Seventy-three eligible patients were randomized. Thirty-nine patients received WBI (30 Gy in 10 fractions over 2 weeks) concomitant with 150 mg of CLQ for 4 weeks (the CLQ arm). Thirty-four patients received the same schedule of WBI concomitant with a placebo for 4 weeks (the control arm). All the patients were evaluated for quality of life (QoL) using the EORTC Quality of Life (QoL) Questionnaire(EORTC QLQ-C30) questionnaire (Mexican version) before beginning radiotherapy and one month later.


The overall response rate (ORR) was 54% for the CLQ arm and 55% for the control arm (p=0.92). The progression-free survival of brain metastases (BMPFS)rates at one year were 83.9% (95% CI 69.4-98.4) for the CLQ arm and 55.1% (95% CI 33.6-77.6) for the control arm . Treatment with CLQ was independently associated with increased BMPFS (RR 0.31,95% CI [0.1-0.9], p=0.046).The only factor that was independently associated with increased overall survival (OS) was the presence of< 4 brain metastases (RR 1.9, 95% CI [1.12-3.3], p=0.017). WBI was associated with improvements in cognitive and emotional function but also with worsened nausea in both patients groups. No differences in QoL or toxicity were found between the study arms.


Treatment with CLQ plus WBI improved the control of BM (compared with the control arm) with no increase in toxicity; however, CLQ did not improve the RR or OS. A phase III clinical trial is warranted to confirm these findings.

martes, 3 de septiembre de 2013

Insurers Nix Payment for Prostate Cancer Proton Therapy

Roxanne Nelson
Aug 30, 2013
Proton-beam therapy, which is used primarily in the United States, is a controversial alternative to conventional radiotherapy for cancer patients. Proponents argue that it is safer and results in fewer complications and less damage to healthy tissue, but opponents say that, in most cases, the supporting evidence just isn't there, especially considering the exorbitant cost.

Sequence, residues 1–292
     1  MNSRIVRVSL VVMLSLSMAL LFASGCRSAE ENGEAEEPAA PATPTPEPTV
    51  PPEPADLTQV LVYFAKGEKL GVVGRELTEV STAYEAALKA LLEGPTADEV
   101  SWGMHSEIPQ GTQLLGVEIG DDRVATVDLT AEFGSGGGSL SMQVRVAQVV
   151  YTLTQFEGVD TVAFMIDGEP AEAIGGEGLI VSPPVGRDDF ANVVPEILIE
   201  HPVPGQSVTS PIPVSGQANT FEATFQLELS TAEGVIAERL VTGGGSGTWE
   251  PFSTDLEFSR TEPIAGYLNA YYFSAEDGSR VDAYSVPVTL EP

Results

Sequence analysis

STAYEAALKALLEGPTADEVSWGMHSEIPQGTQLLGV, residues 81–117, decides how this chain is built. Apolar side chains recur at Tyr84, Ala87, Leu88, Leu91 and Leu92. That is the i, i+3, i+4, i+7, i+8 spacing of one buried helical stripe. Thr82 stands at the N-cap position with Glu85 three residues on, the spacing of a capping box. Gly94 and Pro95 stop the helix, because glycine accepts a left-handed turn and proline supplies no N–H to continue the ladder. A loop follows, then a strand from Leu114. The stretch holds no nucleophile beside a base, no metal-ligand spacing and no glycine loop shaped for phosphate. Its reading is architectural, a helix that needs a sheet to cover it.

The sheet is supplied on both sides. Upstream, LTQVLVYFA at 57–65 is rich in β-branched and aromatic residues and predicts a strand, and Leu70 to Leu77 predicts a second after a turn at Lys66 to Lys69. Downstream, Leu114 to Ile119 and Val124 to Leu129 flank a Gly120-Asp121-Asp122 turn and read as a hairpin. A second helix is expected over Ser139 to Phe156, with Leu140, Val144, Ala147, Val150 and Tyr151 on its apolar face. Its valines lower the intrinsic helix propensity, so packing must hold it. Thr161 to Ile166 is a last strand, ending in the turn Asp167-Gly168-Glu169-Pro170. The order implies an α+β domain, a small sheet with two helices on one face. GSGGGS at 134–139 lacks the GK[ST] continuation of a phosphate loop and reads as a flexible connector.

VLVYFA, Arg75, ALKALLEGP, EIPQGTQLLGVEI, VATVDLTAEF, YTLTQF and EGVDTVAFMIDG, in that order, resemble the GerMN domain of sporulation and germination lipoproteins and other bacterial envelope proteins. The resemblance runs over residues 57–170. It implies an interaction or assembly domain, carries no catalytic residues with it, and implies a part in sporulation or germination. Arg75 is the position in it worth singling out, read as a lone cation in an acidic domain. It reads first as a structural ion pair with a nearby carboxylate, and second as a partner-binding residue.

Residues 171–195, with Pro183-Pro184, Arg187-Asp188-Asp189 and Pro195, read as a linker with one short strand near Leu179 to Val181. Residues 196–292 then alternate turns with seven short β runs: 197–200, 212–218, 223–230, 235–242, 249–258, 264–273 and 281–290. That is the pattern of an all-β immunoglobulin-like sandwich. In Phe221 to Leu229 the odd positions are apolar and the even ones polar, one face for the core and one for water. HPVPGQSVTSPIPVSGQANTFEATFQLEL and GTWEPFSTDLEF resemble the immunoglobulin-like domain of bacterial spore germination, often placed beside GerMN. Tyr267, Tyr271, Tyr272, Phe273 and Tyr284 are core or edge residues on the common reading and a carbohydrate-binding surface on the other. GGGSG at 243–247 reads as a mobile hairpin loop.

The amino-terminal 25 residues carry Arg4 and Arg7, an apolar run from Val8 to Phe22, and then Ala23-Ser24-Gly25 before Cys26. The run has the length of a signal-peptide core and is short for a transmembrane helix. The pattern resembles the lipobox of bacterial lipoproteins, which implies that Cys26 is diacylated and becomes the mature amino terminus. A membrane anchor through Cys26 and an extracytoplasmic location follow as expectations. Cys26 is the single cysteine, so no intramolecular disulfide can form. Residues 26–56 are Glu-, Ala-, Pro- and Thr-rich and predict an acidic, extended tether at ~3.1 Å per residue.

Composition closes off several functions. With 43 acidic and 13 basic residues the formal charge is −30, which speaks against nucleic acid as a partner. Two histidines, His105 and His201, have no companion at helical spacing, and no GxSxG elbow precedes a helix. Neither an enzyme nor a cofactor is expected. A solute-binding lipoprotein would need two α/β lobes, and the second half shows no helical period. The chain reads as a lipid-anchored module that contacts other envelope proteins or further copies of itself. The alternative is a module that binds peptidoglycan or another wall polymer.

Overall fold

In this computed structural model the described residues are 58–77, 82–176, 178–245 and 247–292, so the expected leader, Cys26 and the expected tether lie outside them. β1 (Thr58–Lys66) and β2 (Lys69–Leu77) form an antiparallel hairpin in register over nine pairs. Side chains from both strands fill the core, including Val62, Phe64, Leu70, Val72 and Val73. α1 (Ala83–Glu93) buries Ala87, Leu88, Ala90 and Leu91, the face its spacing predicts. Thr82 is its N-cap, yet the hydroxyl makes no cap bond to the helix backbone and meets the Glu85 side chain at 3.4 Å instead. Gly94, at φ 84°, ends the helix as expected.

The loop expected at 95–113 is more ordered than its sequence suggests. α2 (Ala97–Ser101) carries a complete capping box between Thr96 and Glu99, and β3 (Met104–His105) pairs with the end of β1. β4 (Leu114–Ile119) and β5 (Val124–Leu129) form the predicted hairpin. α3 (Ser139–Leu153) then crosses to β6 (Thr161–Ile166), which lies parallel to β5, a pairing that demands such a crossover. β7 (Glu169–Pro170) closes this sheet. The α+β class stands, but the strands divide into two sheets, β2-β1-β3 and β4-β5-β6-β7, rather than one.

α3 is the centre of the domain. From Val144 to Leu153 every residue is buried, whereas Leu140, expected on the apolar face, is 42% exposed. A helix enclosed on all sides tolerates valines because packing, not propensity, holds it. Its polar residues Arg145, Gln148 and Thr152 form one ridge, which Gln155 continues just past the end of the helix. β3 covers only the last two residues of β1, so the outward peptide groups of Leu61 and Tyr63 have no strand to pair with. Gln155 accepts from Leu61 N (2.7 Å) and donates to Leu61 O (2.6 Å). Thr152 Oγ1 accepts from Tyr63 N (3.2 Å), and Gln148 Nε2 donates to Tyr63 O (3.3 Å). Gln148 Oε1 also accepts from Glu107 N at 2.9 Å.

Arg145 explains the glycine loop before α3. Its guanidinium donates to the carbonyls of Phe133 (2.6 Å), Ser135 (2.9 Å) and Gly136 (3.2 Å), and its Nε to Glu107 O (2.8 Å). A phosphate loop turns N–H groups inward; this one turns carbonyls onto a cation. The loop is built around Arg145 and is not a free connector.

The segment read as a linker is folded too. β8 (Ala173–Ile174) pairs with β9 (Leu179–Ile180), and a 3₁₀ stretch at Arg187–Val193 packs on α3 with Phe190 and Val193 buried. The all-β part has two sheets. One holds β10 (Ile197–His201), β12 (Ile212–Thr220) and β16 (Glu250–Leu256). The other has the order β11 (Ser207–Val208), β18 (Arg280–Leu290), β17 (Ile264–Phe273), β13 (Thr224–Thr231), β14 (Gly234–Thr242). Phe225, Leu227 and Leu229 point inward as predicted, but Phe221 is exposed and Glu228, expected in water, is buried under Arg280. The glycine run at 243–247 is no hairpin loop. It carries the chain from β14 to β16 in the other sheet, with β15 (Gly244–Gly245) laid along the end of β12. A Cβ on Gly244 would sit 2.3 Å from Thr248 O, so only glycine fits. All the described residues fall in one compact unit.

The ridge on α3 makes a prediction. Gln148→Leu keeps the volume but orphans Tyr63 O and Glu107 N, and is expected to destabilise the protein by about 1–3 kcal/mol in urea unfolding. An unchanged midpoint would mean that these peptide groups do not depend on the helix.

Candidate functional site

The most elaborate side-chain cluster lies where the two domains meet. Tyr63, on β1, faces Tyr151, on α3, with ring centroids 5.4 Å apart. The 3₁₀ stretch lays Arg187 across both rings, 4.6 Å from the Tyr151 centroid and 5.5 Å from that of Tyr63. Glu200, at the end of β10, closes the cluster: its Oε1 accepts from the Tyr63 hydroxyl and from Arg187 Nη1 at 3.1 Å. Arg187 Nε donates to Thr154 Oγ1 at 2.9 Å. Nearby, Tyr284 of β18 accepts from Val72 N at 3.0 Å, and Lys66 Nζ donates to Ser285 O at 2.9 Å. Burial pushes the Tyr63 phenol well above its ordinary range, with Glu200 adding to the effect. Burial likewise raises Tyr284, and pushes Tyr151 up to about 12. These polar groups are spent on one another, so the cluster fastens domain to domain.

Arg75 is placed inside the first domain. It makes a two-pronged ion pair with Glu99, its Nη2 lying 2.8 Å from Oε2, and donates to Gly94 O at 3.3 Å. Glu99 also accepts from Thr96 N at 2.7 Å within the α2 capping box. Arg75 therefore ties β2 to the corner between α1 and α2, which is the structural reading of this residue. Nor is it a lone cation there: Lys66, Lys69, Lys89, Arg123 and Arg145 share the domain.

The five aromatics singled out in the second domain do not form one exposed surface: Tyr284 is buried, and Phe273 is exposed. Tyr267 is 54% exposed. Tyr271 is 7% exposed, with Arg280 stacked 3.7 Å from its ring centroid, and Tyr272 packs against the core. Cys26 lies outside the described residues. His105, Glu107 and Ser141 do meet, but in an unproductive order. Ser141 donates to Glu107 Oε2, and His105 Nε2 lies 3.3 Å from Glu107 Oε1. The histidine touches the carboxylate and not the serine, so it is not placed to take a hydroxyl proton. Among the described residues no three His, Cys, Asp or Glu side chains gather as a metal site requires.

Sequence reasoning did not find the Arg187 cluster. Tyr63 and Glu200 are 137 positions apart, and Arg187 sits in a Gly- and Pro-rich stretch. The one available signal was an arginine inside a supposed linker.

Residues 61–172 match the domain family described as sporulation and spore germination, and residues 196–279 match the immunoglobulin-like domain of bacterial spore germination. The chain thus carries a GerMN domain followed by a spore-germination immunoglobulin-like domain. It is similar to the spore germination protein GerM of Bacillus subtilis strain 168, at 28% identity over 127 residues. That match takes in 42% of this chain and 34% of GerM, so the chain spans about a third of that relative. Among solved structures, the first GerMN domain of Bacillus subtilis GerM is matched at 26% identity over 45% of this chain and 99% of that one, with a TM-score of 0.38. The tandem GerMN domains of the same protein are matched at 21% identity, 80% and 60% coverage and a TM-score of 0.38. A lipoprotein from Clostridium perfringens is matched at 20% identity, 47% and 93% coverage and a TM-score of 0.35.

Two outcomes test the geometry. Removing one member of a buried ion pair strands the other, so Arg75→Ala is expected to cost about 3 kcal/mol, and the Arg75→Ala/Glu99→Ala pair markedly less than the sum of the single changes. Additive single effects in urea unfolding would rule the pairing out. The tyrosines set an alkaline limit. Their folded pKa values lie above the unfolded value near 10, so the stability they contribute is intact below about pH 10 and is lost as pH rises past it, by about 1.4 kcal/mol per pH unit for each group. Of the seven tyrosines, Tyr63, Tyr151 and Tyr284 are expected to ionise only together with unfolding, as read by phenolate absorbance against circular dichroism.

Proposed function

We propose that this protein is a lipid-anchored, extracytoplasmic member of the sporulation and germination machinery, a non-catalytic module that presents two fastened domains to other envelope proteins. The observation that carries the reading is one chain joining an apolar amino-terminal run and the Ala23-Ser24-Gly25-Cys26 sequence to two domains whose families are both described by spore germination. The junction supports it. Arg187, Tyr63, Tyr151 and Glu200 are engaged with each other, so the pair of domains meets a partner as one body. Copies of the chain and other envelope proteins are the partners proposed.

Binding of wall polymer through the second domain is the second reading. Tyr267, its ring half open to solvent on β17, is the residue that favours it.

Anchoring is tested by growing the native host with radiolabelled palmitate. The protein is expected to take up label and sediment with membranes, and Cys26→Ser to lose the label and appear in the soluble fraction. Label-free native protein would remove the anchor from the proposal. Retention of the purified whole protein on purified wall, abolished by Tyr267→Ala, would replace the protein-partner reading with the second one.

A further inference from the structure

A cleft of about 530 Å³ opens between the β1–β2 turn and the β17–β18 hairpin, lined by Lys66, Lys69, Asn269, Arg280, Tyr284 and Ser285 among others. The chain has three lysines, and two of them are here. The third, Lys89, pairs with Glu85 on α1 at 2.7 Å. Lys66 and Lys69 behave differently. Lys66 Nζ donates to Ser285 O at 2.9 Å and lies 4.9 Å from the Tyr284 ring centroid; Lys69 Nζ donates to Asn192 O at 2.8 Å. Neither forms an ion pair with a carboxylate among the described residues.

The controversy has now reached another level. According toa report in the Wall Street Journal, insurers are now balking at the cost. Two major insurance companies have announced that they no will longer pick up the tab for proton-beam therapy to treat early-stage prostate cancer. A third has joined the fray, saying it will be reviewing its policy later this year.
Blue Shield of California has notified 300 radiation oncology and urology practices in the state that, as of the end of October, it will no longer cover proton-beam therapy for prostate cancer. Ironically, this decision comes just as Scripps Health in San Diego is preparing to open its new proton-beam therapy center, which will be the second in California and the twelfth in the country.
Aetna Inc., the nation's third-largest insurer, stopped covering the procedure for prostate cancer on August 1, and Cigna Corp. says it is planning to review its policy on the therapy later this year.
These are not the first insurers to discontinue coverage. Three years ago, Regence, a BlueCross Blue Shield insurer that operates in 4 states, stopped its coverage for this indication, and Highmark Inc., Pittsburgh, and Blue Cross and Blue Shield of Kansas City do not cover it.
Cost and Lack of Evidence
The major issue with proton therapy is the cost of the treatment and of the treatment facility.